Enable Networks aims to keep it simple on UFB

Canterbury's Local Fibre Co set to choose from a short list of three technology partners

Complex products and services should be the domain of retail service providers on the Ultra Fast Broadband network – not the infrastructure builders.

That’s the view of Enable Networks CEO Steve Fuller, who says the products offered by the Local Fibre Cos (Enable, Ultra Fast and Northpower) and Chorus, should be as simple as possible in order to ensure a seamless national fibre network.

Enable Networks, which is the LFC for Canterbury, plans to announce its technology partner later this month, and Fuller says it will pick from a short list of three – Ericsson (chosen by Northpower), Huawei (Ultra Fast) and Alcatel-Lucent (Chorus).

Fuller says that three different technology partners shouldn’t result in issues around interoperability at layer 2 (lit fibre) if the products are relatively homogenous.

“All of the value add should be added at the service provider layer and not the LFC layer. If we can continue down that principle then I don’t believe there are any insurmountable issues using different Ethernet-based technologies,” Fuller says.

He points out the Ethernet is an accepted worldwide transmission protocol with established international standards.

Enable Networks plans to release products that are similar to Chorus’s for those RSPs looking for consistency across the whole country.

“But there’s a whole bunch of other products that will come out which aren’t quite the same as Chorus and which we believe add greater value,” says Fuller.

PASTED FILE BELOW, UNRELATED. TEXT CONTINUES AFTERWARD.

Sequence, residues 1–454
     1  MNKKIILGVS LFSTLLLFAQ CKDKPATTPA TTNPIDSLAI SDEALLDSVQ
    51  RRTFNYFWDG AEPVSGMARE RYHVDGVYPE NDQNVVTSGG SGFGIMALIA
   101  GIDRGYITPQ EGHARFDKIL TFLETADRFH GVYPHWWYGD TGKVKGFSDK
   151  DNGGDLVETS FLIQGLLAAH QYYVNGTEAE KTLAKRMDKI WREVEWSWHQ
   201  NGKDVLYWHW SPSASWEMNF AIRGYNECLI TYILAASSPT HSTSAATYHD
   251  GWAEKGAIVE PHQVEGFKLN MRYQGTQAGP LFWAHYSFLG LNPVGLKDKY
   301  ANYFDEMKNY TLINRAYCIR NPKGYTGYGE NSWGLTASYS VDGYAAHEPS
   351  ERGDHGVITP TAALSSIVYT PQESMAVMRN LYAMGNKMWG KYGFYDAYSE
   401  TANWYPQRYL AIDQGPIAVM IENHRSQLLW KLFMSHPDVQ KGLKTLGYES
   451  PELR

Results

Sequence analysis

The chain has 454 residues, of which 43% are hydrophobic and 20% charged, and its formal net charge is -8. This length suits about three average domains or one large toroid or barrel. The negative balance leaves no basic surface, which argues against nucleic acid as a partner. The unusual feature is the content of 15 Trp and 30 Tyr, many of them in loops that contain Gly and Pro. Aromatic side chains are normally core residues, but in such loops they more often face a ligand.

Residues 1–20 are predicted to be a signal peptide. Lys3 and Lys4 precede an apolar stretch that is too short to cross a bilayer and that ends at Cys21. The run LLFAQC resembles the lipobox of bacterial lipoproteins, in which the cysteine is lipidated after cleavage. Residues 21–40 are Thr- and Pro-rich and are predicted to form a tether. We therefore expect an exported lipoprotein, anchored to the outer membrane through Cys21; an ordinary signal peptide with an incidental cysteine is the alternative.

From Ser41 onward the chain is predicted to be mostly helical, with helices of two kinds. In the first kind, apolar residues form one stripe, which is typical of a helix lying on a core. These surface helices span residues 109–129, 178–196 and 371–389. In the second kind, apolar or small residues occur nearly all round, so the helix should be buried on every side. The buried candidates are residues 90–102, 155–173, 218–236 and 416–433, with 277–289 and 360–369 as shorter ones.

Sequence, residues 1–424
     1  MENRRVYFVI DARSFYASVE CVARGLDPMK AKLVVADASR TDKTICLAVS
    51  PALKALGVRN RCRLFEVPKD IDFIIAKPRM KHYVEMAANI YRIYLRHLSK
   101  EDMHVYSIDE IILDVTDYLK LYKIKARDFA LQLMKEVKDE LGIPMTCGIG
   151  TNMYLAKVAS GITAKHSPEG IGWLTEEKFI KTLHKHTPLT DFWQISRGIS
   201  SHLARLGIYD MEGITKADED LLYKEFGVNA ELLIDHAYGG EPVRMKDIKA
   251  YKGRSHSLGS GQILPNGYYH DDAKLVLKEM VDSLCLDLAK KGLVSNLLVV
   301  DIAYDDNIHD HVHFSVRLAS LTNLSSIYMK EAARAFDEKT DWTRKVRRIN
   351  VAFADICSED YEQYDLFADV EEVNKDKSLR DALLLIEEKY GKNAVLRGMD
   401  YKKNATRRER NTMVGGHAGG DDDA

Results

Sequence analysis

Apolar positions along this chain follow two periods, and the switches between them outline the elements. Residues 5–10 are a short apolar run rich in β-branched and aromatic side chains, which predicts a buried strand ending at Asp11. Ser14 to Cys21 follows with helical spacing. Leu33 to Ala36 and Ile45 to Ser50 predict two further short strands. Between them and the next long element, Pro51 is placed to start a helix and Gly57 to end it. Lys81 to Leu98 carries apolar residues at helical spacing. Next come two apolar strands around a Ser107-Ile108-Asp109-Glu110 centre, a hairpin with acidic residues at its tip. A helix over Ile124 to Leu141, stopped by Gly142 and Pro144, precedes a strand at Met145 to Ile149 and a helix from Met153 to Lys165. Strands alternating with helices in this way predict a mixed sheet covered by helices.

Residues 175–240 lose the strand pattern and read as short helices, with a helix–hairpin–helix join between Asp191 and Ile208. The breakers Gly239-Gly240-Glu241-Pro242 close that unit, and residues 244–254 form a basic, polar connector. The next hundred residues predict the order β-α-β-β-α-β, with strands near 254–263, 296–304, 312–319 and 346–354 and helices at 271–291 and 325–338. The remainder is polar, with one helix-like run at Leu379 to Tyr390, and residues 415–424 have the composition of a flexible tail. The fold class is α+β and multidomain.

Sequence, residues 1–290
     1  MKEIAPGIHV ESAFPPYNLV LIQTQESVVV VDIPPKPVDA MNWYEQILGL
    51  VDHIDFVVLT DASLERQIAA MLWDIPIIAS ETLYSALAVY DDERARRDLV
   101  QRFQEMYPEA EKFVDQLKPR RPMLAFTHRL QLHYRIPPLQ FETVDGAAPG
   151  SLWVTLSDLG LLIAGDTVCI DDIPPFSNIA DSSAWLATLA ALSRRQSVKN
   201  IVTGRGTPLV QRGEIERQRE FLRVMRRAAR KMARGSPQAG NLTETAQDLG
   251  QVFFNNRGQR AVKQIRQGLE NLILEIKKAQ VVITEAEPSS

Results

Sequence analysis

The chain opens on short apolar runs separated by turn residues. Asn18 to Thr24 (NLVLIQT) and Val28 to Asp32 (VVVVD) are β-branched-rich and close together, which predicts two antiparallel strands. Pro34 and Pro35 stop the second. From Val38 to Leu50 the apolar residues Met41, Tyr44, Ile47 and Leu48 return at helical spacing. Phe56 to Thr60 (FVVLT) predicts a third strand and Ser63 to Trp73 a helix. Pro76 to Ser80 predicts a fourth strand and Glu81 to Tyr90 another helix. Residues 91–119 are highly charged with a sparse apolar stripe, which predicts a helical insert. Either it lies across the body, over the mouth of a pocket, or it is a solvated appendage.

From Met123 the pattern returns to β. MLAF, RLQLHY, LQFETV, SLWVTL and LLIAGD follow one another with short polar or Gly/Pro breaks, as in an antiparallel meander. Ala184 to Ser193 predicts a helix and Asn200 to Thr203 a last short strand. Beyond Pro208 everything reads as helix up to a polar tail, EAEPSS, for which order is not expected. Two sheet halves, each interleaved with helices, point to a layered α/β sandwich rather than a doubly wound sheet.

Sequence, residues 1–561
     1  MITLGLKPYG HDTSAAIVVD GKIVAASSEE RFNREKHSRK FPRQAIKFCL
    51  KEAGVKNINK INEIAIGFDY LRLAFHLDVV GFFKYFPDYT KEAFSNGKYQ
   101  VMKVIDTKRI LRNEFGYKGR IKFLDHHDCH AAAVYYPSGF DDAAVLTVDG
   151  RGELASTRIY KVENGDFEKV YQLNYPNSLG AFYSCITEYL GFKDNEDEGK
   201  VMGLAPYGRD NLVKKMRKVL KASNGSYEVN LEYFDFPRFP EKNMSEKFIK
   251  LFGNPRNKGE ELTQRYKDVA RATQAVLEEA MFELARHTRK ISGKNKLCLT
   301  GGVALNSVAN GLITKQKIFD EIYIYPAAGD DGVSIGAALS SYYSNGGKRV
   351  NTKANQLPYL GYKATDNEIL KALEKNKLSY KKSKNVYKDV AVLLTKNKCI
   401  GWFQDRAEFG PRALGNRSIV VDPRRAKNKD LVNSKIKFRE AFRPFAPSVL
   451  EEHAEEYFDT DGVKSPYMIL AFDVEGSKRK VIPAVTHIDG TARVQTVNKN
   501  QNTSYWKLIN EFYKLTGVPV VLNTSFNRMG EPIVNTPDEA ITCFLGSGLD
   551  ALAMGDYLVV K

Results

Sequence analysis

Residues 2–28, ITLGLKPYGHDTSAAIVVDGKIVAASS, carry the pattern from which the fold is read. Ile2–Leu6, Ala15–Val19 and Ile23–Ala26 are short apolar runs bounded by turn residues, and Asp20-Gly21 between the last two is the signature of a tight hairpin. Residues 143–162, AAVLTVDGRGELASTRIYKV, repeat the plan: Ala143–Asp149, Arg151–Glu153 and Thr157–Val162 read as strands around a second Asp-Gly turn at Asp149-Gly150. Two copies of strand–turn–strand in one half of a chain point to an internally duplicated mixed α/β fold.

Enable Networks and Chorus are currently in discussions over how they might work closer together. This could take the form of Chorus buying into the Christchurch council-owned company. “There’s a whole bunch of options on the table that we’re looking at,” he says.

In common with the other LFCs and Chorus, the Enable `Networks rollout will be primarily GPON to the mass market.

“Where we are different is that we are investing a little bit more in tubing infrastructure, which makes us a little bit technology agnostic,” Fuller says.

“If the GPON-type technology doesn’t develop at the pace of user demand we’ve got a certain amount of flexibility in our network architecture to be able to put in different, more point-to-point orientated, equipment.”

Fuller says the recent spate of aftershocks that began in Christchurch on December 23 didn’t cause any structural damage to the network.

The areas most affected were in east Christchurch, and Enable Networks doesn’t plan to roll out to those suburbs for another two years.

Fuller says Enable Networks has redesigned the network layout to accommodate expansion in the western parts of the city, in the suburbs Halswell, Redwood and Wigram, as people migrate from the east to new greenfield sites.

Scientific predictions that the city will suffer aftershocks for decades, and the possibility that continued uncertainty could see a major exodus from the city, hasn’t radically changed Enable Networks’ plans – yet.

“We’re relatively sheltered from that side of the equation if it’s looking at a 20-30 percent population decrease, anything beyond that then we’d have to perhaps re-crunch the numbers.”

The company employs around 40 people and has experienced about 10 percent staff churn since the earthquake in February last year. As it has been difficult to find replacement staff in Christchurch Enable Networks has recruited from Auckland and Wellington, Fuller says.

“There’s an opportunity to be part of the rebuild of a new modern city... to say ‘we helped rebuild Christchurch to a bigger and better place than what it was before.”

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